We know by know that music comes out of Chennai’s Panchathan Record Inn and A.M. Studios when A.R. Rahman makes all-night love to his Mac machines.entertainment Updated: Sep 25, 2010 02:01 IST
We know by know that music comes out of Chennai’s Panchathan Record Inn and A.M. Studios when A.R. Rahman makes all-night love to his Mac machines. And that Rahman unfailingly performs his nightly duties whenever filmmakers such as Mani Ratnam or S. Shankar call upon him to do so. They are, after all, directors who have had much to do with Rahman’s rise.
After Ratnam’s 1992 film Roja, it was Shankar’s first feature, Gentleman (1993), that kept Rahman up on the national charts with hits such as ‘Chikku bukku raile’ and ‘En veettu thottathil’. The latter song was the reason a dear friend gifted me the film’s VHS cassette, the first one I ever owned. The songs from the duo’s next outing, Kadhalan (1994), too climbed the charts spectacularly. The film’s ‘Ennavale adi ennavale’ and its short reprisal, ‘Indiraiyo’, are still capable of sending a shiver or two down my spine. (The Hindi version, ‘Sun ri sakhi’ in Humse hai Muqabla, never quite matched the verve of the original.) It was clear that Rahman the melody-maker was firmly in charge.
One can’t be too sure of that in the duo’s latest film, Robot, supposedly the costliest film made in India. It only adds to a niggle that has become more persistent in recent times: that Rahman has ceded the controls to his Macs. The more voluminous he gets, the more he sounds like his earlier self. And it doesn’t help when the clumsy accordion-like foldout of the Robot album declares on top: ‘Music made by humans’. Really?
The first song, ‘Naina Miley’, does nothing to allay the fear. The metallic-digital pipe that’s supposed to be the MacVoice of Rahman sounds straight silly. And it’s clear that the producers have in their sights Japan, the second-largest market for the film’s hero Rajnikanth, when you hear Suzanne’s voice whispering “Arigato godaimas”.
The second track, ‘Pagal anukan’ by Mohit Chauhan and Shreya Ghoshal, is the only one that goes beyond the mechanical. It’s also the only song in which lyricist Swanand Kirkire (of ‘Bawra mann’ fame) shows that he can rise above machine humour with lines such as “Main Newton Newton keh sakya dil yeh kahe dhol din ratiya”.
From the third track to the seventh it’s again over to the Macs. ‘Chitti dance showcase’ by Pradeep Vijay and Pravin Mani redeems itself partially with interesting splices of the mouthed dance-beat. The rest — the martial thump of ‘Arima arima’, the silly lyrics of ‘Kilimanjaro’ (force-rhymed with ‘Mohenjo-daro’), the scat of ‘Boom boom robo da’, and the slippery electronica of ‘O naye insaan’ — all came about when computers flirted with each other.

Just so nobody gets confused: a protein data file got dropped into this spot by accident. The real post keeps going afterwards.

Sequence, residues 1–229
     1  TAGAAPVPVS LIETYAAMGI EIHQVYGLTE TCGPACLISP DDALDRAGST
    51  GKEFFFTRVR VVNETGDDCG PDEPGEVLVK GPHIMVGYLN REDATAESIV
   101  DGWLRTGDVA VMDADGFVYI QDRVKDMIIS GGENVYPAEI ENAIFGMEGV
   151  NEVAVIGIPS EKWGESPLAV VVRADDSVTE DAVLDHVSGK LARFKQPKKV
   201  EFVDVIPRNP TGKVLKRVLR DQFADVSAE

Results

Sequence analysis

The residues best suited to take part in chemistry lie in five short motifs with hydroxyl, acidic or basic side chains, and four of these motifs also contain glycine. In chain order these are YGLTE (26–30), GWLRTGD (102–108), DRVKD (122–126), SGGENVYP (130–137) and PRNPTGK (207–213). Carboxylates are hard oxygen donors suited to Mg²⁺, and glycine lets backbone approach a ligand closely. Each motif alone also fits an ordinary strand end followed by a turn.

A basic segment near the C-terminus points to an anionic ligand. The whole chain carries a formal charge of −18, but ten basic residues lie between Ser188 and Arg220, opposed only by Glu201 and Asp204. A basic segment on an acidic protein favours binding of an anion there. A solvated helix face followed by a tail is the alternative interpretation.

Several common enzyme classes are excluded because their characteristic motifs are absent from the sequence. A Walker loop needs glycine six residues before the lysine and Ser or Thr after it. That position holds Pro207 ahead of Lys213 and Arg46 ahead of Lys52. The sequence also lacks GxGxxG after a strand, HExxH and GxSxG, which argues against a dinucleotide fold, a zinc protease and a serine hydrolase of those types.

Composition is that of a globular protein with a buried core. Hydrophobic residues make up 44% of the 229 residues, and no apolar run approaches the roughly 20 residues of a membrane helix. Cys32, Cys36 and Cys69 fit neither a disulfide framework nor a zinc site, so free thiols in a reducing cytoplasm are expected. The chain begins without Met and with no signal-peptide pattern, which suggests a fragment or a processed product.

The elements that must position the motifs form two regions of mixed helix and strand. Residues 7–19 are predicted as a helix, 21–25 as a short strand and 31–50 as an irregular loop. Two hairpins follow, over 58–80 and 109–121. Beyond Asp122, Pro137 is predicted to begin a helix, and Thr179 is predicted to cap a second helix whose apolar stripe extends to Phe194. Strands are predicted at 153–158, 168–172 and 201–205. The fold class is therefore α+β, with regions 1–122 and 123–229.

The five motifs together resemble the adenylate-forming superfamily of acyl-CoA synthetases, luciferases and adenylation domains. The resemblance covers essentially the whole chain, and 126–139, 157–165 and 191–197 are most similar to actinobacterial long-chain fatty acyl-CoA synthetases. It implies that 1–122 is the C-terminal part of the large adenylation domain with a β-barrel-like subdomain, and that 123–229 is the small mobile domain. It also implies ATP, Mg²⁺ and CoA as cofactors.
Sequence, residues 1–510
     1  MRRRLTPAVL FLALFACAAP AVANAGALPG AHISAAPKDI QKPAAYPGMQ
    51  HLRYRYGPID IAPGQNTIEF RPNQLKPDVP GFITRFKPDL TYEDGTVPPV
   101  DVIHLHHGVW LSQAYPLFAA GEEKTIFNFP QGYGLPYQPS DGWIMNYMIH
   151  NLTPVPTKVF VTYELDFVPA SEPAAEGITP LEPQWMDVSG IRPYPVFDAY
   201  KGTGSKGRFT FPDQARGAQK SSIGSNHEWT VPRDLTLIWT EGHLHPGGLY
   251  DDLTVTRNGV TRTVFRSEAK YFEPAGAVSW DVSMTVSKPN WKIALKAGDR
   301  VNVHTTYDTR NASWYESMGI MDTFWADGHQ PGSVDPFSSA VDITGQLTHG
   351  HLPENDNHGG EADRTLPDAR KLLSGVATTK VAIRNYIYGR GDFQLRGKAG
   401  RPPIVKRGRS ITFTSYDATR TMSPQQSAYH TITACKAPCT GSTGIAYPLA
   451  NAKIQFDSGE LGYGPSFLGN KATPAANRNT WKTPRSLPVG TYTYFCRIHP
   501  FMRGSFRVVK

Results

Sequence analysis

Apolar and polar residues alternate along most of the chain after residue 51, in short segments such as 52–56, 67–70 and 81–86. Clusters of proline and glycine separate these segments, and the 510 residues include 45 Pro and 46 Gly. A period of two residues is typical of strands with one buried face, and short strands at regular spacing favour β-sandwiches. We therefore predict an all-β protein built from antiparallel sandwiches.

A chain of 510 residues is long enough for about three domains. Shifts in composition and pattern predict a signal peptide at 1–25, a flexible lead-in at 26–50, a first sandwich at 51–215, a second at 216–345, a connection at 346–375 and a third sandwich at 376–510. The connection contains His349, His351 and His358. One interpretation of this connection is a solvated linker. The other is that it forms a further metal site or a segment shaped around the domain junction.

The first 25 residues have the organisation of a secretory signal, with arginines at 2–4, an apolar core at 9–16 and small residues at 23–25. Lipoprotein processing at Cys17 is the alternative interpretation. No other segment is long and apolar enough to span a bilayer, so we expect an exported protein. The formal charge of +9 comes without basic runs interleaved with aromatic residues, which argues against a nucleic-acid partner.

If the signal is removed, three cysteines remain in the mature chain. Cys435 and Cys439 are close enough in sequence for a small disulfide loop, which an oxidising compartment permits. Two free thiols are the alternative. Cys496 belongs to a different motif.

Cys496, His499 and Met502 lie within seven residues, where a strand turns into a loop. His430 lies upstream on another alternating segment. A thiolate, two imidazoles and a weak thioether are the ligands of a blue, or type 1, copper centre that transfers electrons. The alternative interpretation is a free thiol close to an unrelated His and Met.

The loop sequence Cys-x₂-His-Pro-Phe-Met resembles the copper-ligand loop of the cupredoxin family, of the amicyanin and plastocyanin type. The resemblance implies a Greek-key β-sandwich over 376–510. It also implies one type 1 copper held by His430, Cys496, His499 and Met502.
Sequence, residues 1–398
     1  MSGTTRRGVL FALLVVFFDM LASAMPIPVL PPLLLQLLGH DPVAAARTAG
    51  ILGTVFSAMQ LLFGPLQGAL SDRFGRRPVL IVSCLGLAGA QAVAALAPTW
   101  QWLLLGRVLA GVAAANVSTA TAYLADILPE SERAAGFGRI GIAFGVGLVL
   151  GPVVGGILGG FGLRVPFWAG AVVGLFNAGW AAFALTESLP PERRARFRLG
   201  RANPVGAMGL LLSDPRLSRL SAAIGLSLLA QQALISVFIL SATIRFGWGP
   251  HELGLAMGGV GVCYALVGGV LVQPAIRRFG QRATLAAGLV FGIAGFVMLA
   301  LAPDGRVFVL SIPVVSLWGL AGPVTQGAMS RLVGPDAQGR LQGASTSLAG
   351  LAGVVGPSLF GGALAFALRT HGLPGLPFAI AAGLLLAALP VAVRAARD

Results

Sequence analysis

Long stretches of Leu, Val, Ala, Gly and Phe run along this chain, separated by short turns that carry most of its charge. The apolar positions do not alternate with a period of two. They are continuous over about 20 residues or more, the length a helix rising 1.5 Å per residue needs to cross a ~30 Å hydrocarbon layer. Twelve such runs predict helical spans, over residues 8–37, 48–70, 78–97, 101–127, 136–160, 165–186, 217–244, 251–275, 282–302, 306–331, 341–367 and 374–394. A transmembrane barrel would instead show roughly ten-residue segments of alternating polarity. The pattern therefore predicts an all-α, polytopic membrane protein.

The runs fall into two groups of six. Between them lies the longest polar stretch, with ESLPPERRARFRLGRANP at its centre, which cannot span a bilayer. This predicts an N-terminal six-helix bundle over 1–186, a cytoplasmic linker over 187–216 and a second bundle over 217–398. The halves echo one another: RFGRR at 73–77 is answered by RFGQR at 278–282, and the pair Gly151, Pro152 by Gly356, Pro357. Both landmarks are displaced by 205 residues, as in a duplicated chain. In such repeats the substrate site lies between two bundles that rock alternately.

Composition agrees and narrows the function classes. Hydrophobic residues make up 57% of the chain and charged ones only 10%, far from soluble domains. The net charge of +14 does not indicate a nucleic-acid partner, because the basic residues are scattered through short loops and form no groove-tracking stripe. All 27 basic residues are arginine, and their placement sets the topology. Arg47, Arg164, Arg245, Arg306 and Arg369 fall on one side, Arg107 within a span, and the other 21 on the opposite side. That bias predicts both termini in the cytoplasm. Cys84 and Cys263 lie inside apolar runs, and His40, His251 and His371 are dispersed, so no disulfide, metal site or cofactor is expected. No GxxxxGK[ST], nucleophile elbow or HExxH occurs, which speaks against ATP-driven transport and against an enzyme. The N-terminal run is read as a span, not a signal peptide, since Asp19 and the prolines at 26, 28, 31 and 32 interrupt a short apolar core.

The presence of the machines, in fact, is so loud in the tracks that none of the them have been remixed. All of them sound like remixes anyway.
The desi grind
Vishal-Shekhar’s icecream pop for Anjaana Anjaani proves that there can be another kind of robotic-idiotic. True, the arrangements aren’t as richly stereophonic as those made in Panchathan Record Inn. But that’s probably the element that makes them less pretentious and headache-inducing. It’s a drum-and-cymbal-led music that glances back at disco with nostalgia.
Nikhil D’Souza and Monali Thakur’s ‘Anjaana anjaani ki kahani’ will surely get some people spot-jumping on the dance-floor. In ‘Hairat’, Lucky Ali’s usually-out-of-tune voice seems emulsified and processed by — what else? — computers that have made it taut enough to go along with the itinerant warm guitar and ubiquitous perspex beat.
Rahat Fateh Ali’s ‘Aas paas khuda’ moves away from the mechanical, but comes at too high a pitch and with too loud an accompaniment.
Shekhar Ravjiani, one half of the composer duo, has a lovely cascade in ‘Tumse hi tumse’, held together and made everyday by his trademark guitar strums.
Mohit Chauhan, who seems to be becoming as much a regular on filmi albums as Rahat Fateh Ali, is his usual Abhay Deol-ish slacker self in ‘Tujhe bhula diya’. Setting the tone, however, is Shruti Pathak’s sure-and-clear voice.
With ‘I feel good’ Vishal Dadlani and Shilpa Rao are back in the disco world of Usha Utthup and Bappi-da.
But it’s when you get past the customary remix (of ‘Tujhe bhula diya’) that you get the surprise — an unplugged ‘Aas paas khuda’ by Rahat Fateh Ali and Shruti Pathak. It’s the much-needed fullstop to all that’s robotic.